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Behavioral Law and Economics: Book Carousel
This interdisciplinary guide focuses on topical databases such as economics, psychology, science and the social sciences. It also covers some legal resources such as SSRN. #behavioraleconomics #behaviorallaw
This exciting volume marks the birth of a new field, one which attempts to study law with reference to an accurate understanding of human behavior. It reports new findings in cognitive psychology which show that people are frequently both unselfish and over-optimistic; that people have limited willpower and limited self-control; and that people are 'boundedly' rational, in the sense that they have limited information-processing powers, and frequently rely on mental short-cuts and rules of thumb. Understanding this behavior has large-scale implications for the analysis of law, in areas including environmental protection, taxation, constitutional law, voting behavior, punitive damages for civil rights violations, labor negotiations, and corporate finance. With a better knowledge of human behavior, it is possible to predict the actual effects of law, to see how law can promote society's goals, and to reassess the questions of what law should be doing.
Jeremy Bentham and Gary Becker established the tradition of analyzing criminal law in utilitarian and economic terms. This seminal book continues that tradition with specially commissioned, original papers that span the philosophical foundations of the us
This is your guide to the way jurors make decisions, and how you can use that knowledge to convince them that your story of a case is the correct version. The author--who holds a Ph.D in psychology, for which he researched persuasion and juror decision-making--walks you though every stage of the trial and offers information on what jurors are thinking when, and how to influence them in the most effective ways.
This textbook presents a broad examination of law and economics, including the questions of economic justice raised by the application of economics to law. It explores both conventional analysis and examines how that analysis may be affected by behavioral findings. A primary focus is on how economic analysis holds up in markets that are often defined by rights, perceived duties, and obligations. Chapters include the tools of analysis, behavioral economics, the Coase Theorem, contract law, tort law, criminal law, government regulation, antitrust, and intellectual property.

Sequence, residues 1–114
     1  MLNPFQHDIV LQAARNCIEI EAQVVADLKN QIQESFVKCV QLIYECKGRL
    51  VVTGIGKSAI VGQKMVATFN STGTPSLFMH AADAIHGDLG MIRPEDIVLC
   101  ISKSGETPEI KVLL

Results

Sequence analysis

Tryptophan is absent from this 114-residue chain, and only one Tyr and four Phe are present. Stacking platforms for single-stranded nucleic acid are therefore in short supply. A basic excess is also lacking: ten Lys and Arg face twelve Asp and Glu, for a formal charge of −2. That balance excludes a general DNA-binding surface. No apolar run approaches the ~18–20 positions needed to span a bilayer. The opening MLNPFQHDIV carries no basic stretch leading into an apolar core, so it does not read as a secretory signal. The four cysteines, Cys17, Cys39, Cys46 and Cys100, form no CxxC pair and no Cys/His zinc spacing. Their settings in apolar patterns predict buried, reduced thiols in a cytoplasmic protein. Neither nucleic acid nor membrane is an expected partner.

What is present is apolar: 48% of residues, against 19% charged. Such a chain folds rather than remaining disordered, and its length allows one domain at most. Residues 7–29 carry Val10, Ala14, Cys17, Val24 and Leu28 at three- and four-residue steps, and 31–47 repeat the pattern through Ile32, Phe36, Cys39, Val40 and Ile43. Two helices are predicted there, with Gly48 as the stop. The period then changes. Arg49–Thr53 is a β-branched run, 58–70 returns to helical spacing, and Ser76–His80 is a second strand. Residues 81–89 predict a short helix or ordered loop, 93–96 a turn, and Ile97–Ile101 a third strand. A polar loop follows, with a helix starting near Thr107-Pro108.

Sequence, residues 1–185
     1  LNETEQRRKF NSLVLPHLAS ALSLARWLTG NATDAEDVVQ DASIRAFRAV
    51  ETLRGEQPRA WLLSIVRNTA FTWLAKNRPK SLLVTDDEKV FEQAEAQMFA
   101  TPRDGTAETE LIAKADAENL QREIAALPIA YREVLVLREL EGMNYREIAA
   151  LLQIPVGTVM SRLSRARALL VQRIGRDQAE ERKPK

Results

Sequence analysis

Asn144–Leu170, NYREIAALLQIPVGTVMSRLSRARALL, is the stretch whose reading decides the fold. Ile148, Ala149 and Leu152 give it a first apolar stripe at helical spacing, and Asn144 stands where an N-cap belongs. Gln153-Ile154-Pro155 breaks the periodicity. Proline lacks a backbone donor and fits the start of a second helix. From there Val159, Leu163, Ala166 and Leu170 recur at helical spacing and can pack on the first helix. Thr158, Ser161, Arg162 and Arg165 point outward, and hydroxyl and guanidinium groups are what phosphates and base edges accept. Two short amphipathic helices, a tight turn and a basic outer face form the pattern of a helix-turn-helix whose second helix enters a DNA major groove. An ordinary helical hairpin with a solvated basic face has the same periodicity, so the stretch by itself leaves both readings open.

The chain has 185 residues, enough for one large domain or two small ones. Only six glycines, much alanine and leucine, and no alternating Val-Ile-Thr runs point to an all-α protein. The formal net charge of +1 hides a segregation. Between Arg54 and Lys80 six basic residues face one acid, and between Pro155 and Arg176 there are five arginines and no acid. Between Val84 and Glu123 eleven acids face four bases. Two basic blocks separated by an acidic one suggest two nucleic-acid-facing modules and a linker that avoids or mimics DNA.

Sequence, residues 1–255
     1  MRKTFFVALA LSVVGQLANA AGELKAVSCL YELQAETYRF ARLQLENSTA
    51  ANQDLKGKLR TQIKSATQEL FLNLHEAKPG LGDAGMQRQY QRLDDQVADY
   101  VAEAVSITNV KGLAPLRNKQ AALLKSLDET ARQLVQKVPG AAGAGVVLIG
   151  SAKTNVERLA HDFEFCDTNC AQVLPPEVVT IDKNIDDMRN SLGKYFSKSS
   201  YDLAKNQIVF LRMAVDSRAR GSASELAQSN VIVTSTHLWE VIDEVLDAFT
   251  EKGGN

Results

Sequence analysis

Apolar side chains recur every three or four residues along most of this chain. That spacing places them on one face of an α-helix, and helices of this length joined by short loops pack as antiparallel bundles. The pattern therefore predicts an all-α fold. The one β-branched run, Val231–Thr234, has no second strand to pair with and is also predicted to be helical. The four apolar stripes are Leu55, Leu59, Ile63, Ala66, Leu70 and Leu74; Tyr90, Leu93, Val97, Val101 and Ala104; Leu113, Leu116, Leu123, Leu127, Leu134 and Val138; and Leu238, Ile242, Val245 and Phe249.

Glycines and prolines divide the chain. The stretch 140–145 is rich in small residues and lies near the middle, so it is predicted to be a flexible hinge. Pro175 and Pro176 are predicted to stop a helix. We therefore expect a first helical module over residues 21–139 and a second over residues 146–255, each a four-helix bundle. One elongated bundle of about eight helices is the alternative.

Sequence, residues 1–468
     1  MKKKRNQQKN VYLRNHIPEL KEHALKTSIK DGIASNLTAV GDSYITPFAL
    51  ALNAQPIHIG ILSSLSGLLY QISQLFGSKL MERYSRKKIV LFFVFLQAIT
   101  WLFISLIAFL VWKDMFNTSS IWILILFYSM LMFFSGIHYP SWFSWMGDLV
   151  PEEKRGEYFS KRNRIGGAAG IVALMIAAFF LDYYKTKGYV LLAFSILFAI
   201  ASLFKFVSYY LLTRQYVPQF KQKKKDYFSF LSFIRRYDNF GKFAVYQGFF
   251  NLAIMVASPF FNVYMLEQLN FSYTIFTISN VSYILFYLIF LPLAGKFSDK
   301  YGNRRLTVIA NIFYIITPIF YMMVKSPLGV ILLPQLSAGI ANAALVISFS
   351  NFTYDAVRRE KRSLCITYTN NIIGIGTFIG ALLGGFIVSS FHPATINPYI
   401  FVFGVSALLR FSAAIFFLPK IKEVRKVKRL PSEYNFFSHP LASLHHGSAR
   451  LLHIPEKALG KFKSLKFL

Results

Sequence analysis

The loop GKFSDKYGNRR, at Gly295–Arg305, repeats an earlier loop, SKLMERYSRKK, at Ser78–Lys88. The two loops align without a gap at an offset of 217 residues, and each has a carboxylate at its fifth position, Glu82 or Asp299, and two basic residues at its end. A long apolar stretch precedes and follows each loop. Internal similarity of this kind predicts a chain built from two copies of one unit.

This collection of essays explores the most relevant developments at the interface of economics and psychology, giving special attention to models of irrational behavior, and draws the relevant implications of such models for the design of legal rules and institutions. The application of economic models of irrational behavior to law is especially challenging because specific departures from rational behavior differ markedly from one another. Furthermore, the analytical and deductive instruments of economic theory have to be reshaped to deal with the fragmented and heterogeneous findings of psychological research, turning towards a more experimental and inductive methodology. This volume brings together pioneering scholars in this area, along with some of the most exciting developments in the field of legal and economic theory. Areas of application include criminal law and sentencing, tort law, contract law, corporate law, and financial markets.
Inside the Juror presents the most interesting and sophisticated work to date on juror decision making from several traditions - social psychology, behavioural decision theory, cognitive psychology, and behavioural modeling. The authors grapple with crucial questions, such as: why do jurors who hear the same evidence and arguments in the courtroom enter the jury room with disagreements about the proper verdict? how do biases and prejudices affect jurors' decisions? and just how 'rational' is the typical juror? As an introduction to the scientific study of juror decision making in criminal trials, Inside the Juror provides a comprehensive and understandable summary of the major theories of juror decision making and the research that has been conducted to evaluate their validity.